James Cook University experts who surveyed the wreckage left after a devastating 2021 cyclone say building standards are inadequate and need to be upgraded, even in areas not thought of as being at high risk.
Dr Korah Parackal led a study based on a damage investigation performed by the JCU Cyclone Testing Station after Tropical Cyclone Seroja, which crossed the coast as a category three cyclone just south of the small town of Kalbarri, Western Australia in April 2021.
“Kalbarri recorded a peak gust of around 180 kilometres per hour. Insurance claims at the time of the study exceeded $336m from a total affected population along Tropical Cyclone Seroja’s 500 km path of less than 50,000 people,” said Dr Parackal.
He said Kalbarri is situated in Cyclone Zone B.
“There are four different wind regions (Regions A – D) across Australia that have different building code requirements.
“Region D is the area considered most prone to severe tropical cyclones, while Region A is considered to be at minimal risk of cyclone wind impact,” said Dr Parackal.
He said building designers in regions C and D assume the structure will be breached by debris during a cyclone, causing high internal pressures from wind and endangering the roof.
But in regions A and B most designers assume the probability of debris impact is low and the building won’t be subject to these stresses – with subsequent differences in construction standards in buildings within different zones – crucially in the strength of fittings connecting the roof to the main structure of the house.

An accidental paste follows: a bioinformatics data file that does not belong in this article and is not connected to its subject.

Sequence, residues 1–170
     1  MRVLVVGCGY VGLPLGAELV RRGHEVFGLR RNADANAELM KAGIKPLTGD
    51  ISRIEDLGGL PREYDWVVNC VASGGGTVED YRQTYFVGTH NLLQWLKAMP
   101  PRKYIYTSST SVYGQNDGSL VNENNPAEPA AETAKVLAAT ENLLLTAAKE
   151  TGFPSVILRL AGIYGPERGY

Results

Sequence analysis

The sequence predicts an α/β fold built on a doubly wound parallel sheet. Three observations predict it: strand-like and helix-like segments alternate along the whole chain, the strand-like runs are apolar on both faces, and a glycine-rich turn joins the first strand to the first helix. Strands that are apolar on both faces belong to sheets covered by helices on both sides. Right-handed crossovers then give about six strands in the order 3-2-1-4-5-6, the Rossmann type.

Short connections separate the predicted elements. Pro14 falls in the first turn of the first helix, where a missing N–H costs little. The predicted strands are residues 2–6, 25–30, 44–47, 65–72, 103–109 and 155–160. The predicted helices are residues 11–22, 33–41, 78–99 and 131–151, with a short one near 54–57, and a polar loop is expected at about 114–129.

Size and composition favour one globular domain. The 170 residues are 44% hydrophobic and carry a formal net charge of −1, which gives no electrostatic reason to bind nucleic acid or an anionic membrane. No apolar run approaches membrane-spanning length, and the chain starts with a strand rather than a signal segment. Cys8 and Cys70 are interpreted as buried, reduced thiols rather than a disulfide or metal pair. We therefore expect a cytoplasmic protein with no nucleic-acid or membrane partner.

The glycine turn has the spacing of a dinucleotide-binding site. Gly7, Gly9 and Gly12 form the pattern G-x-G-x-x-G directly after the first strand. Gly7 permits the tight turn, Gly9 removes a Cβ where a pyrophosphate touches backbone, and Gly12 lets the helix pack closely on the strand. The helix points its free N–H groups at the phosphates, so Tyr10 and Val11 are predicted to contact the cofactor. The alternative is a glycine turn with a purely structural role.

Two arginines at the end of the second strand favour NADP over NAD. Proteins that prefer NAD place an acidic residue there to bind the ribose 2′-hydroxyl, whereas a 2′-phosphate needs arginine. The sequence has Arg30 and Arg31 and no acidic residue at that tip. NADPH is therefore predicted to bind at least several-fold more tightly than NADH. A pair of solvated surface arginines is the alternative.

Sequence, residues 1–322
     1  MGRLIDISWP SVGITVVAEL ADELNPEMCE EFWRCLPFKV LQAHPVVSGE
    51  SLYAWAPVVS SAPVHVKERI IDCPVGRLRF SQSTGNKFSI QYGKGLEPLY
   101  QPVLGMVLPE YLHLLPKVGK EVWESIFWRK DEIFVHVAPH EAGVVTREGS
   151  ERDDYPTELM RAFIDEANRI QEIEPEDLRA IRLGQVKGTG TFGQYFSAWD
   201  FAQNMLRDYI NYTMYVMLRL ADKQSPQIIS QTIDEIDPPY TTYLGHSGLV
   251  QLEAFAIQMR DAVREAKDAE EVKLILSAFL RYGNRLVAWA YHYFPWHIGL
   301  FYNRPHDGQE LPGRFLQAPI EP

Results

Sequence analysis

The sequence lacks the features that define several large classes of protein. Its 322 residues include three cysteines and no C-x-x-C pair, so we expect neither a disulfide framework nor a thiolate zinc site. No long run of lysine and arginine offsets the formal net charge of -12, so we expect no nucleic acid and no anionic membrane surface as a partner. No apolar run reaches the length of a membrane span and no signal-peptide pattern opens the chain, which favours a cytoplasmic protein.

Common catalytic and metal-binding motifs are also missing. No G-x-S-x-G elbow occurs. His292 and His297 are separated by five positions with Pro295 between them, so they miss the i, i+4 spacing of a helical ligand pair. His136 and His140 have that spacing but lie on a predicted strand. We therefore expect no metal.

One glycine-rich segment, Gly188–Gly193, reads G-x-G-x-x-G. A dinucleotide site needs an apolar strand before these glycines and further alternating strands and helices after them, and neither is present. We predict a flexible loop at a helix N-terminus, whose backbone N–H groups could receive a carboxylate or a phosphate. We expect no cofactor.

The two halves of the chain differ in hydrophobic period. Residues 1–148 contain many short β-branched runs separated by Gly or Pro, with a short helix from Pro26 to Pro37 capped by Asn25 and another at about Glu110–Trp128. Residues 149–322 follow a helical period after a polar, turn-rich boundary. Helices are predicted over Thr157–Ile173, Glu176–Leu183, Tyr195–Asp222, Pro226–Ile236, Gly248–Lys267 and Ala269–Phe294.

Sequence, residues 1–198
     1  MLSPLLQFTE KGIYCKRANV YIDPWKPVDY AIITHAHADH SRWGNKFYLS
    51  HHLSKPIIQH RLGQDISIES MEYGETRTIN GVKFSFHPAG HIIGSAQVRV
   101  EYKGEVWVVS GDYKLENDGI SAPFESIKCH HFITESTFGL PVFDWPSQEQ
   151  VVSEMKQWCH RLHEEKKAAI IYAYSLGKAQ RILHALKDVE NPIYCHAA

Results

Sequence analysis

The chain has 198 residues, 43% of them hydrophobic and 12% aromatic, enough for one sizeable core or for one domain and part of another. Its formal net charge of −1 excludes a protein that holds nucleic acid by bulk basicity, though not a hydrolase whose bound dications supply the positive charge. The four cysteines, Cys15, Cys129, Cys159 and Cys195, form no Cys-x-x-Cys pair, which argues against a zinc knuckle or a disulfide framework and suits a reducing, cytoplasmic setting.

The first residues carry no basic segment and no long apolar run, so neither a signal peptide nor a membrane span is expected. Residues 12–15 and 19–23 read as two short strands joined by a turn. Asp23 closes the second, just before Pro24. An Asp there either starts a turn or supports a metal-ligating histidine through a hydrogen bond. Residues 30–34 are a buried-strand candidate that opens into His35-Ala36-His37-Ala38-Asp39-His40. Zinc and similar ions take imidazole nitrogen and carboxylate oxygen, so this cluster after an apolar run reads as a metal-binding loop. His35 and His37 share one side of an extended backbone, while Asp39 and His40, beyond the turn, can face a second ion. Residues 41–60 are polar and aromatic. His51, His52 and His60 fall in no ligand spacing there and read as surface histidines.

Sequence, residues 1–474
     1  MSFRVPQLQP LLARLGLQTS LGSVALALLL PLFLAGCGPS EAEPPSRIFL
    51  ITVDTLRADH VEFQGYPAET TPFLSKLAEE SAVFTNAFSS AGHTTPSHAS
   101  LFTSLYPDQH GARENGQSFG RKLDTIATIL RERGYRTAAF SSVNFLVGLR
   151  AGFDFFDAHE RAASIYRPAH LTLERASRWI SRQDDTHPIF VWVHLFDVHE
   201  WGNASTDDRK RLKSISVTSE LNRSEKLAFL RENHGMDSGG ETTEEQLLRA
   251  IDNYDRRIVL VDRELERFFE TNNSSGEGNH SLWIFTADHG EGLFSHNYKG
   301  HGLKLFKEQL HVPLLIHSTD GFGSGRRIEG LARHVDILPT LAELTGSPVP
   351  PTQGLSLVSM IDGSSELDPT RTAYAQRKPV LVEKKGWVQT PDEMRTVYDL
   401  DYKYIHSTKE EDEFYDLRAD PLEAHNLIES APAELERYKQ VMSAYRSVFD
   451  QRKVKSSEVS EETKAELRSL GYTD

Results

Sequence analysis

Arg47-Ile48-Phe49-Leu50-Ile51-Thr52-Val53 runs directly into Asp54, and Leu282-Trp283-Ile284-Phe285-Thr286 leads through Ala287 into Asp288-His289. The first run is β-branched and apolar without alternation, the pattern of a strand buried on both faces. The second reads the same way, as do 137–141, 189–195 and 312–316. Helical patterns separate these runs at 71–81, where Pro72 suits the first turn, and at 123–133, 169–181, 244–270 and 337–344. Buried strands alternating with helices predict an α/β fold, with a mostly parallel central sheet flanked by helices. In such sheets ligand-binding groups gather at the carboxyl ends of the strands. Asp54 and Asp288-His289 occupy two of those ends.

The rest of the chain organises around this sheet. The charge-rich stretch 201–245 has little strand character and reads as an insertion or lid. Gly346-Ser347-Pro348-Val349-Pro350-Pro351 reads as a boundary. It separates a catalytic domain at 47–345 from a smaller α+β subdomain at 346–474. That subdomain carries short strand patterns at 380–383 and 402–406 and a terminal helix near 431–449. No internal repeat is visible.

“Our investigation focused mainly on buildings constructed in Kalbarri in the past 20 years. Over the past 20 years, the design wind speed for buildings in wind region B has remained unchanged and most structural provisions for the design and construction of houses in wind region B have not changed significantly,” said Dr Parackal.
He said more than 10% of houses 20-years-old or younger in Kalbarri had significant damage to the roof.
“For these severely damaged houses, our study showed that in most cases damage was caused by internal pressure following damage to doors or windows. Occupants reported that roof loss occurred immediately after windward windows or doors broke,” said Dr Parackal.
He noted design wind speeds for all buildings in the affected areas were not exceeded in Tropical Cyclone Seroja.
“The most significantly affected areas around Kalbarri would have experienced winds less than 90% of the appropriate design wind speed. Yet there was still widespread damage,” said Dr Parackal.
He said Tropical Cyclone Seroja demonstrated that buildings in Wind Region B are currently vulnerable to wind loads if they are in the path of a tropical cyclone, even if the design wind speed is not exceeded.
Dr Parackal said following the study, proposals to change Australian building codes and standards have been submitted to extend the requirements to design for high internal pressure to the part of wind region B in Australia affected by tropical cyclones (This is known as Wind Region B2).
“Our computer models show that both the design for full internal pressure and the use of debris-rated shutters were both effective at reducing the level of serious structural damage and making houses more resilient.
“The robustness and resilience of buildings increase significantly if they are designed for high internal pressure because the failure of a window or door for instance, will not lead to a major structural failure,” said Dr Parackal.
Link to paper here.